Paeoniflorin regulates macrophage activation in dimethylnitrosamine-induced liver fibrosis in rats
- Xiaorong Chen†1, 2Email author,
- Cheng Liu†1, 2, 3,
- Yunfei Lu1, 2,
- Zongguo Yang1,
- Zhen Lv1,
- Qingnian Xu1, 2,
- Qi Pan1, 2 and
- Lingqing Lu1
© Chen et al.; licensee BioMed Central Ltd. 2012
Received: 1 April 2012
Accepted: 5 December 2012
Published: 13 December 2012
Macrophages in other organs (e.g. kidneys, lungs, and spleen, et. al) have rarely been reported in the development of liver fibrosis. Therefore, it is important to investigate macrophage activation in the main organs in liver fibrosis. We investigated the potential antifibrogenic effects of paeoniflorin (PF) in a dimethylnitrosamine (DMN)-induced rat model with special focus on inhibiting macrophage activation in the main organs.
Rat hepatic fibrosis was induced by treatment with DMN three times weekly over a 4-week period. DMN rats were treated with water, PF, or gadolinium chloride (GdCl3) from the beginning of the 3rd week. The expression of CD68, marker of macrophage, was investigated using immunohistochemical, real-time PCR, and western blot analysis.
Hepatic hydroxyproline content markedly decreased and histopathology improved in the DMN-PF rats. Expression of desmin and collagen 1 decreased notably in DMN-PF liver. CD68 expression in the liver, spleen and kidney increased markedly after 2 weeks but decreased in DMN-water rats. PF and GdCl3 decreased CD68 expression in the liver and spleen and there was no effect on kidney. CD68 expression in the lung increased gradually during the course of DMN-induced liver fibrosis, and PF inhibited CD68 expression in the lung significantly while GdCl3 increased CD68 markedly. Expression of tumor necrosis factor (TNF-α) was decreased significantly by GdCl3 in the liver, as revealed by real-time PCR analysis. However, GdCl3 could not decrease TNF-α level in the serum by enzyme linked immunosorbent assay (ELISA).
Macrophage activation was disrupted in the liver, spleen, lung and kidney during development of DMN-induced liver fibrosis. PF administration attenuated DMN-induced liver fibrosis at least in part by regulating macrophage disruption in the main organs.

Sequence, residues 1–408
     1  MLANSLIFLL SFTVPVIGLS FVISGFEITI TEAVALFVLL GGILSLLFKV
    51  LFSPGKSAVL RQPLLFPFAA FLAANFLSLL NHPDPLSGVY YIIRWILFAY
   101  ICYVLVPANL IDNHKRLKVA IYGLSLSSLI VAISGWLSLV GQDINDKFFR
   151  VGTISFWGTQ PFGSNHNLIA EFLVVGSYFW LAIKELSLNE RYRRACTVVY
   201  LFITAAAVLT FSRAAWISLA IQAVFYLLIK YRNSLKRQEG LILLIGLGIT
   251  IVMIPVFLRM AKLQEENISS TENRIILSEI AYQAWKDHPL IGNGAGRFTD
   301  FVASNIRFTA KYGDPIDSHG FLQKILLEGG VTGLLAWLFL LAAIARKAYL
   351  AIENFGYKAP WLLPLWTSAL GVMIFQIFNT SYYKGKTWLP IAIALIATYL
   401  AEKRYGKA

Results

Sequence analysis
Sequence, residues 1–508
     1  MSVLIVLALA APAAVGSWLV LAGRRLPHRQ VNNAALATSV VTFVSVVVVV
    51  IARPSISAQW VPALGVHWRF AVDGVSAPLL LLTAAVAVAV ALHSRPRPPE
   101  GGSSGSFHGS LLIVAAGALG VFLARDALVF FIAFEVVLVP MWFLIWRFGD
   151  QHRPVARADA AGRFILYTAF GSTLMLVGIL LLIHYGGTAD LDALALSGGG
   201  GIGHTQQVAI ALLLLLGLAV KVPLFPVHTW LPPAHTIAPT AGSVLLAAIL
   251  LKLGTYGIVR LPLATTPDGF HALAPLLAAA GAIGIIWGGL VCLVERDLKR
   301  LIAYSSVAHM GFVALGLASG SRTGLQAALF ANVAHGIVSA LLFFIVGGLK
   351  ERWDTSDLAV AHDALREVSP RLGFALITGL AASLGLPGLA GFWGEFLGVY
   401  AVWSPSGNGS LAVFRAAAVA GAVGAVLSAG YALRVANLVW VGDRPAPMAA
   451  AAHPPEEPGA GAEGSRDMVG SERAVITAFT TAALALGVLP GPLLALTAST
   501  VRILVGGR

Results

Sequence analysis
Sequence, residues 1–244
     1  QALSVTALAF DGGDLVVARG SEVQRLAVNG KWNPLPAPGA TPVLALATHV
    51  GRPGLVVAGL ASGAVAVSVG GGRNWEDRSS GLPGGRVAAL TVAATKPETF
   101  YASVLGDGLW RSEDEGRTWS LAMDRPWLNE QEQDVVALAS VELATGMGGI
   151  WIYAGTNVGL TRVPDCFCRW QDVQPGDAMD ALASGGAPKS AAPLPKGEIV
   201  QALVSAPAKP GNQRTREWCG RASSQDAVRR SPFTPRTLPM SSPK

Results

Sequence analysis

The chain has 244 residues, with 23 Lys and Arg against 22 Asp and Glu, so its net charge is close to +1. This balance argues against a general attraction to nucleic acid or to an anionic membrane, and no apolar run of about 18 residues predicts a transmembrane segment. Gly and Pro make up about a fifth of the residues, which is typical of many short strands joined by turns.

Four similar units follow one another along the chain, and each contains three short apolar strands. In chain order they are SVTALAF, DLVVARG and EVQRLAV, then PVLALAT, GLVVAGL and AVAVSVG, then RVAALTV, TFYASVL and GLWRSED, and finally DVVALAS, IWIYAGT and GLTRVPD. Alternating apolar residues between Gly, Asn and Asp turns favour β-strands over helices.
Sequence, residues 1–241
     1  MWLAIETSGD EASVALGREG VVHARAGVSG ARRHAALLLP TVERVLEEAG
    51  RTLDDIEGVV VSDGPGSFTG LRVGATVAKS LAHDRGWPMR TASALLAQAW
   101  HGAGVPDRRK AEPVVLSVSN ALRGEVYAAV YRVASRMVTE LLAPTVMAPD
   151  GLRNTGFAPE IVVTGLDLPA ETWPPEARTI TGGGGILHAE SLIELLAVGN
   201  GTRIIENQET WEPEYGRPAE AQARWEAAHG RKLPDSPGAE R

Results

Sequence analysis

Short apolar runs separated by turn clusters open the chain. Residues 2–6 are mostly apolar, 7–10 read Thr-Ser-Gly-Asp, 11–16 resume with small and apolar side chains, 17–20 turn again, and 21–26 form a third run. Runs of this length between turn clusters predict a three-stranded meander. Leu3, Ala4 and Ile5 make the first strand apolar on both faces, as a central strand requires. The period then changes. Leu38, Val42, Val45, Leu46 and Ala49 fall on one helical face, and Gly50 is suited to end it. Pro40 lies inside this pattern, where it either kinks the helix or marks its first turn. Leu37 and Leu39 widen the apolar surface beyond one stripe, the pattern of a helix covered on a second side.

KeywordsLiver fibrosis Macrophage Paeoniflorin
Hepatic fibrosis, which is characterized by progressive inflammation and deposition of extracellular matrix (ECM) components, is a common response to chronic liver disease. Hepatic stellate cell (HSC) activation represents a critical event in fibrosis because these cells become the primary source of ECM in liver upon injury[2, 3]. The macrophages can stimulate HSC activation by secreting tumor necrosis factor (TNF)-α. To elucidate the role of macrophages in the pathogenesis of liver fibrosis, specific macrophage blocking agents such as gadolinium (III) chloride (GdCl3) have been used. When administered intravenously, GdCl3 inhibits phagocytosis by rat liver macrophages and selectively eliminates the large macrophages in the periportal zone of the acinus. Accumulating evidence has suggested that macrophages play a key role in liver fibrosis[4–6], whereas macrophages in other organs (e.g. kidneys, lungs, and spleen) have been rarely reported and often neglected by those investigating development of liver fibrosis. In fact, other organs such as the spleen, lungs, and kidneys are all involved in liver fibrosis[7–9]. Thus, there is an urgent need to study the dynamic changes of macrophage activation in the main organs in liver fibrosis in vivo.